In short, you cannot get legally separated in Florida.  Some states have a special legal status called “legal separation” but Florida does not.  Separation in Florida simply means a married couple that does not live in the same household.  Yet, that status has no legal effect on its own.

Most people who inquire about a legal separation are, in fact, looking to draw a line in the sand as to when their newly acquired property no longer is marital.

To invoke rights in court between you and your partner you must file a petition for dissolution of marriage.

In the alternative, without filing a petition for dissolution of marriage you could prepare a written agreement between you and your spouse which would spell out the terms of your separation.  Typically, this agreement’s primary purpose would be to identify what property will marital and what property will be considered non-marital (usually all newly gained property).

“The cut-off date for determining assets and liabilities to be identified or classified as marital assets and liabilities is the earliest of the date the parties enter into a valid separation agreement, such other date as may be expressly established by such agreement, or the date of the filing of a petition for dissolution of marriage. The date for determining value of assets and the amount of liabilities identified or classified as marital is the date or dates as the judge determines is just and equitable under the circumstances. Different assets may be valued as of different dates, as, in the judge’s discretion, the circumstances require.” Fla. Stat. Sec. 61.075(7)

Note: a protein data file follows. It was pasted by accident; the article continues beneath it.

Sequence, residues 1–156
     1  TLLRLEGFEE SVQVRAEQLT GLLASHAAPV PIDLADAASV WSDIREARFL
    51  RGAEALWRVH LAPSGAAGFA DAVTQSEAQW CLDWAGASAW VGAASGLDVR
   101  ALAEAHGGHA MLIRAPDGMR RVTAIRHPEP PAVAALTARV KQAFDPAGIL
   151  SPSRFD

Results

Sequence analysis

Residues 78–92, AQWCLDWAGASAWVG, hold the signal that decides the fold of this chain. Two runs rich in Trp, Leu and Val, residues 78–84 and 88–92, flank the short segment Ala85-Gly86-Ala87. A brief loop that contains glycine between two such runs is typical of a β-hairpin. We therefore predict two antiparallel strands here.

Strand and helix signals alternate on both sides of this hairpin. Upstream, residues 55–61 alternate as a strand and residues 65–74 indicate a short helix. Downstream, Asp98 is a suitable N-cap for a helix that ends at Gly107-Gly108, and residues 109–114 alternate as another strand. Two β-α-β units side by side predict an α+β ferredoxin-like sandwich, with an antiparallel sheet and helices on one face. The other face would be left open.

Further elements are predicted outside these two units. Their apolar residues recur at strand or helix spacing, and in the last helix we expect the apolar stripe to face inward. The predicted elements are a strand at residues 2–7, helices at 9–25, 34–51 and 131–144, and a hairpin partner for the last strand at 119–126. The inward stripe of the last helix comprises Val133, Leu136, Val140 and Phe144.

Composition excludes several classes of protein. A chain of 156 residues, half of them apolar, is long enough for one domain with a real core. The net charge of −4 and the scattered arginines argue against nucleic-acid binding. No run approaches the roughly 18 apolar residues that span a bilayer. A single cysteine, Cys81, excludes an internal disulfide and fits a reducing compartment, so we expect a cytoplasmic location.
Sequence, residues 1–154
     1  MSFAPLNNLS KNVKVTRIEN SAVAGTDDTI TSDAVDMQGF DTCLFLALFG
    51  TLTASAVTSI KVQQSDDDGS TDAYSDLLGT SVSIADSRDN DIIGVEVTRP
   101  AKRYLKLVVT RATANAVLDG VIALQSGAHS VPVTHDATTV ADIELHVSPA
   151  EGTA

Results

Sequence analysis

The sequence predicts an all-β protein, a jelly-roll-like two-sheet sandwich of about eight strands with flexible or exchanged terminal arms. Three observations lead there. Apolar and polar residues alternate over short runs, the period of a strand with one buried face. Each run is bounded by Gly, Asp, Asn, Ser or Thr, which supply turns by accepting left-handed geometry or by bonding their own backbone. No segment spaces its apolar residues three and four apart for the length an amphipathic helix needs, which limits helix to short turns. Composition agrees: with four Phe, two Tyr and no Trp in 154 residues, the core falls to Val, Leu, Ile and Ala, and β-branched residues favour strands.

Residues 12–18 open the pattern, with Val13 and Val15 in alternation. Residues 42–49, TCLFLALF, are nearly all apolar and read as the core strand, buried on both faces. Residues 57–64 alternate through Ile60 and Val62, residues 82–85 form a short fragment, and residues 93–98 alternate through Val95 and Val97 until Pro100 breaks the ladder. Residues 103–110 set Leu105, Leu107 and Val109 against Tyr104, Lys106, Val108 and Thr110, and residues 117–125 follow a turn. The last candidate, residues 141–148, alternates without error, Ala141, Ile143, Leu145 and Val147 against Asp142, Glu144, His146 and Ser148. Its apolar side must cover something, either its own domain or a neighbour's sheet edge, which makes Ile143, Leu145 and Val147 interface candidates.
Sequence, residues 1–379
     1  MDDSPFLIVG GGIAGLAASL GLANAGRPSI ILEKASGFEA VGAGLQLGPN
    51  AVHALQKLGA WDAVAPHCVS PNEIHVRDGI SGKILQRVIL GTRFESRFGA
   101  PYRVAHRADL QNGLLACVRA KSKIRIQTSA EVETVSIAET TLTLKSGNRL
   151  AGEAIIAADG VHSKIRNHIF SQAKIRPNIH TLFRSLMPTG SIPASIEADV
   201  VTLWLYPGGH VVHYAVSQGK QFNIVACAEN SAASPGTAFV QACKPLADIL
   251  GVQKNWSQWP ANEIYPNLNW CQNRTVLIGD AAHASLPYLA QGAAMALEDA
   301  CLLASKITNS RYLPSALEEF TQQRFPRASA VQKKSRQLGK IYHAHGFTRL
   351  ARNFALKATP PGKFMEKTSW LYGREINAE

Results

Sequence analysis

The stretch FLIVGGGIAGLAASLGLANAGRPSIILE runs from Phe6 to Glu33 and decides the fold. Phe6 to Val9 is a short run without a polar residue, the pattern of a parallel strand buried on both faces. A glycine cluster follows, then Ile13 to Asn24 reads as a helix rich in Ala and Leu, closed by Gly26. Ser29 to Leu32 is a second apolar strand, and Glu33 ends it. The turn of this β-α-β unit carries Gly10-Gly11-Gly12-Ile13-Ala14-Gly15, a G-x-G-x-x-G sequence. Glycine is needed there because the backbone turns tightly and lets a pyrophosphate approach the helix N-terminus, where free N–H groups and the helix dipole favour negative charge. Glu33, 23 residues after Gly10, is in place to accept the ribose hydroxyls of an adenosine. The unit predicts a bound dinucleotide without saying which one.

So, in Florida, to be legally separated as other states contemplate the term, you must have filed for divorce or enter into a written separation agreement with your spouse.

No amount of evidence of intention to separate will draw that line in the sand that stops property from becoming marital.  Whittlesey vs. Whittlesey, 954 So. 2d 1231 (Fla. 2d DCA 2007).

The filing of a petition for dissolution of marriage can also be important in fixing the valuation date of marital property.  For example, if one party keeps the marital home and buys the other party out, the filing of the petition for dissolution will determine the valuation date of that property when calculating the buy-out amount.

The other reason people inquire about legal separation is when they are seeking support from their spouse but have not filed for divorce yet.

Florida law does allow you to file for support without seeking a divorce.  “Alimony and child support unconnected with dissolution.—If a person having the ability to contribute to the maintenance of his or her spouse and support of his or her minor child fails to do so, the spouse who is not receiving support may apply to the court for alimony and for support for the child without seeking dissolution of marriage, and the court shall enter an order as it deems just and proper.” Fla Stat. Sec 61.09

Once the divorce is filed, all claims for support will then come under the divorce filing and not the section 61.09 filing.

A spouse in another state or even another country can file a motion for support against a Florida resident.  Boccarro vs. Pinto 912 So. 2d 57 (Fla. 1st DCA 2005).   That filing, though must be in the county where the Florida resident lives.  So if the Florida spouse lives in Naples, Florida, the filing must be made in Collier County, Florida.

In conclusion, legal separation does not exist in Florida but there are many legal options available in Florida that allow you the same benefits as a legal separation. Contact my law office in Naples, Florida to learn more about these options and if any of them are a good fit for your situation.